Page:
Peter van Agtmael: The Resisters (The New York Times Magazine) A village in West Bank testing limits of unarmed resistance

Lynsey Addario: Syrian Refugees (Feb.) | Syrian Refugees (March) (The New York Times) Little Relief in North Syria, Where Need Is Acute

Lynsey Addario: Syrian Civilians (NYT) Syrian Civilians, Empowering Themselves

Brian Sokol: The Most Important Thing (Panos Pictures) The most important thing Syrian refugees were able to take with them from home.

Bryan Denton: The Battle Over Syria (NYT)

Bryan Denton: For Shelter-Seeking Syrians, Home Is a Cave (NYT)

Alessio Romenzi: Female Syrian Fighter (Paris Match L’instant)

Guillem Vaille: Syrie. L’hiver du Kurdistan (Paris Match L’instant)

After troubled pop star Justin Bieber's spate of legal troubles earlier this year, the American people petitioned their government to deport the Canadian citizen from the United States. Nearly three months later, they have their response from the Obama administration: no comment. Almost 275,000 people signed a petition on the White House website in January to "Deport Justin Bieber and revoke his green card." "Sorry to disappoint, but we won’t be commenting on this one," the White House wrote in its response, posted Friday. "The We the People terms of participation state that, “to avoid the appearance of improper influence, the White House may decline to address certain procurement, law enforcement, adjudicatory, or similar matters properly within the jurisdiction of federal departments or agencies, federal courts, or state and local government in its response to a petition." But the White House did use the opportunity to plug its call for comprehensive immigration reform, which remains stalled in Congress. "Independent economists say immigration reform will grow our economy and shrink our deficits by almost $1 trillion in the next 20 years," the unsigned blogpost states. "For those of you counting at home, that’s 12.5 billion concert tickets—or 100 billion copies of Mr. Bieber’s debut album." On the substance of the matter, as we reported in January, Bieber's multiple alleged offenses are unlikely to warrant deportation. He resides in the United States on an O-1 visa, which is reserved for “individuals with an extraordinary ability in the arts or extraordinary achievement in motion picture or television industry," and only violent crimes and sentences longer than 1 year would result in a re-evaluation of his visa status.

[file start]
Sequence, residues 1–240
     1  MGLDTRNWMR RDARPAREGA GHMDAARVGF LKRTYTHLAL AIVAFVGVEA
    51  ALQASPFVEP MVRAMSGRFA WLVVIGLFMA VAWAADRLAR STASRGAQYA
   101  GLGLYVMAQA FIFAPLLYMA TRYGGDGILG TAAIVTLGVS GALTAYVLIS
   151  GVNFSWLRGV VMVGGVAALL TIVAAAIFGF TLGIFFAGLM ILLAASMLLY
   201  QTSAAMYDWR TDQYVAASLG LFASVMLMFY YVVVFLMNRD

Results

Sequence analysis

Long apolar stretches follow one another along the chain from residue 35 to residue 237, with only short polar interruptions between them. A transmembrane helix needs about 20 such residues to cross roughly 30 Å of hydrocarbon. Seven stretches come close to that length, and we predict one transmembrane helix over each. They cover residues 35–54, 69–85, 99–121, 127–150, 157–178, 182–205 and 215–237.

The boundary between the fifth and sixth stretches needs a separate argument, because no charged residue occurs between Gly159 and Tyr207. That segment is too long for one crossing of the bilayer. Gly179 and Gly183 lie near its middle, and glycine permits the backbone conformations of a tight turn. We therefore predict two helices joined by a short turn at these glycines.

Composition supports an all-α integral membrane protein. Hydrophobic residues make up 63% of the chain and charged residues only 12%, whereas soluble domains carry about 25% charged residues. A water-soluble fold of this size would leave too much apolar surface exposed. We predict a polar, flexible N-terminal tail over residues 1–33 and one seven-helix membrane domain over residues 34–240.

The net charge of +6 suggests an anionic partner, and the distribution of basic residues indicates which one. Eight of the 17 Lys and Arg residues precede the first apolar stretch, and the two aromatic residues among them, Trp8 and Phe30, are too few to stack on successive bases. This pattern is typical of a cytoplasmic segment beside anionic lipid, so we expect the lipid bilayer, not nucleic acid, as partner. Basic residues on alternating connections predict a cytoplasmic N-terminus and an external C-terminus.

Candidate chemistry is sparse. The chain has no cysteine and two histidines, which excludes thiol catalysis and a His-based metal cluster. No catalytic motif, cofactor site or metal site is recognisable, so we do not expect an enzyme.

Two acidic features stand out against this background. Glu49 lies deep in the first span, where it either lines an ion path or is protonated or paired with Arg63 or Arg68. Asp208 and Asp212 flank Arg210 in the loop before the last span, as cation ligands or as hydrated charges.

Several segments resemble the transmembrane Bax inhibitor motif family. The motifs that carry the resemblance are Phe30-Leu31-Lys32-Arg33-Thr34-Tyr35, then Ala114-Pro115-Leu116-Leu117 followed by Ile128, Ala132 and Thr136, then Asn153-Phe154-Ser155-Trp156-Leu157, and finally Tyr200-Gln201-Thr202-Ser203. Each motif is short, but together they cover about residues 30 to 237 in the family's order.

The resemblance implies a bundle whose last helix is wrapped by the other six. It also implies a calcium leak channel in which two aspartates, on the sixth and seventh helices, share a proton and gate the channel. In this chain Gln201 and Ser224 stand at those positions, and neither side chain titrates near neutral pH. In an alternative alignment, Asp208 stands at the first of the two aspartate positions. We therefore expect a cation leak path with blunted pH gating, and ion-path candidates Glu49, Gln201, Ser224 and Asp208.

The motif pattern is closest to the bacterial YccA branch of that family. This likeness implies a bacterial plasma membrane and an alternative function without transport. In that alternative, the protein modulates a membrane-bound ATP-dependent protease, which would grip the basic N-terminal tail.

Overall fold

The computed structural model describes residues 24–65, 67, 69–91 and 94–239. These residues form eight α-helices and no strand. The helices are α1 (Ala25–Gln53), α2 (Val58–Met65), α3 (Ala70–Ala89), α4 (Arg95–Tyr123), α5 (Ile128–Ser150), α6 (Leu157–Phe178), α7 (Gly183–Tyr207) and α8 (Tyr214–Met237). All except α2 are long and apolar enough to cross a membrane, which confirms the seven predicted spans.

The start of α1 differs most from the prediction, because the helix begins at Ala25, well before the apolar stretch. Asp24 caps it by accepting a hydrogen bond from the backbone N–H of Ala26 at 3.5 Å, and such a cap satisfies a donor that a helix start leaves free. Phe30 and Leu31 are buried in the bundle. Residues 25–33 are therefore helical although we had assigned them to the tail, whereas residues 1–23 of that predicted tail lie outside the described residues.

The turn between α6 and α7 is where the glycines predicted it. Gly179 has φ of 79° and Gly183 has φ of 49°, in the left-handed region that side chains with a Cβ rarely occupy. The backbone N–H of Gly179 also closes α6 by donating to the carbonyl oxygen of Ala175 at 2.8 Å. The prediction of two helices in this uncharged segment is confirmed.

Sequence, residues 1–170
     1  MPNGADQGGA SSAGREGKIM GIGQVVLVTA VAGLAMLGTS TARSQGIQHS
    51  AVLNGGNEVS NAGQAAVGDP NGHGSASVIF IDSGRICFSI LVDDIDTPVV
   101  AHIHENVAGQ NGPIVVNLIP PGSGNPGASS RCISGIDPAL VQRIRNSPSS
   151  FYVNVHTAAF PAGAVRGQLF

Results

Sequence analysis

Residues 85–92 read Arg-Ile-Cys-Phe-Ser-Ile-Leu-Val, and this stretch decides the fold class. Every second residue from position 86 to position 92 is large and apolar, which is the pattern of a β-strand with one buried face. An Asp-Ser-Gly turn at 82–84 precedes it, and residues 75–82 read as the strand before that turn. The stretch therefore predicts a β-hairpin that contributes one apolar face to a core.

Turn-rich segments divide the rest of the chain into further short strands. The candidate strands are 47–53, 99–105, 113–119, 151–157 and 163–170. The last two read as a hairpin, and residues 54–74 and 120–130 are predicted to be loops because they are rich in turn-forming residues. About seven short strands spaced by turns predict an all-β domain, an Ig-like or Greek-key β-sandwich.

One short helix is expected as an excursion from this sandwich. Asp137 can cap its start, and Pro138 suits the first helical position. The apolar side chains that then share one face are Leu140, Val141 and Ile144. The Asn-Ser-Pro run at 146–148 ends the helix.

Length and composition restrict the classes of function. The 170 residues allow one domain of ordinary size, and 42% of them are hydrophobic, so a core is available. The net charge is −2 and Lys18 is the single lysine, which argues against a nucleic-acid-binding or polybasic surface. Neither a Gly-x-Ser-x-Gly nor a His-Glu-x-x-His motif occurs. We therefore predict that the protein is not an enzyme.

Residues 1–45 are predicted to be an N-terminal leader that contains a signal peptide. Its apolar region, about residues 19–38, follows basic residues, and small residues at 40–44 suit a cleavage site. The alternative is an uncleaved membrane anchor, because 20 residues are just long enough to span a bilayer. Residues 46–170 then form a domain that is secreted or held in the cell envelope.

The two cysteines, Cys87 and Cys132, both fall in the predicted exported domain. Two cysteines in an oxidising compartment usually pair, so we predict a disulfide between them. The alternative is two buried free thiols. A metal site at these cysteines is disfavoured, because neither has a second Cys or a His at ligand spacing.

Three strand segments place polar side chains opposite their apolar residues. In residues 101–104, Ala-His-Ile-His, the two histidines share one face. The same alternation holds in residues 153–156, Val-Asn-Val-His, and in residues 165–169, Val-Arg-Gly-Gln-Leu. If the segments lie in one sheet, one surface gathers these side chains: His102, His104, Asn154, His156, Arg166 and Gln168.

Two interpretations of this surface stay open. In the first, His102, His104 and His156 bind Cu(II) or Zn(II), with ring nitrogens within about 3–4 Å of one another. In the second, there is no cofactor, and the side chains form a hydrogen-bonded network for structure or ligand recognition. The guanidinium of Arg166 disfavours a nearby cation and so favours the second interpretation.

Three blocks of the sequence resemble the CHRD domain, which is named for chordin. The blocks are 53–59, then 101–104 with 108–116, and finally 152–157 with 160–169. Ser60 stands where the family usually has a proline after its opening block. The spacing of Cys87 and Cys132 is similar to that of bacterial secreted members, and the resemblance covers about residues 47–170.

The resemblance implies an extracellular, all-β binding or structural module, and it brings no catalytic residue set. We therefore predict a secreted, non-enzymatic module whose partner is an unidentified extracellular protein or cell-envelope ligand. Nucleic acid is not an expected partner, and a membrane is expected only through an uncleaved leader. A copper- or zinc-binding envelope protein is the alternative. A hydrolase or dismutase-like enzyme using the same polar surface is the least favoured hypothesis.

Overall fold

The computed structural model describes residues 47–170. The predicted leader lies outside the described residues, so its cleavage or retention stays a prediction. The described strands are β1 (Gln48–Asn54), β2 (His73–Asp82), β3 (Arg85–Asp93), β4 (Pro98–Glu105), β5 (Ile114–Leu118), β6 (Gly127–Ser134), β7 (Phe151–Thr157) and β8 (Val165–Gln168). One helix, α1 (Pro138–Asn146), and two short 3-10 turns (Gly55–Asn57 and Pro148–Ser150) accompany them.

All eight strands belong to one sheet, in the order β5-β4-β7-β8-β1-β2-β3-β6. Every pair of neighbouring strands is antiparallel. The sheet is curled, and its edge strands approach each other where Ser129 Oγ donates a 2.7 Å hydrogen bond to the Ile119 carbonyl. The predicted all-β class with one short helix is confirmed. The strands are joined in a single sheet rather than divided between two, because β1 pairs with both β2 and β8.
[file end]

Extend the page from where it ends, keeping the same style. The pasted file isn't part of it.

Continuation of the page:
Yuri Kozyrev / NOOR for TIME

Yuri Kozyrev: America’s Long Withdrawal from Afghanistan (LightBox)

Bryan Denton: Transition in Afghanistan (NYT)

Hossein Fatemi: Afghanistan: A Troubled Legacy (Panos)

Jan Grarup: Last Danish Soldiers in Helmand (Politiken) Afghanistan

.357 Magnum revolver
Jerome Delay / AP

Jerome Delay: Mali’s Invisible War (LightBox)

Joe Penney: Imaging Mali (Reuters Full Focus)

Kim Badawi: Chinese in Egypt: The Migratory Silk Road (Reportage by Getty Images)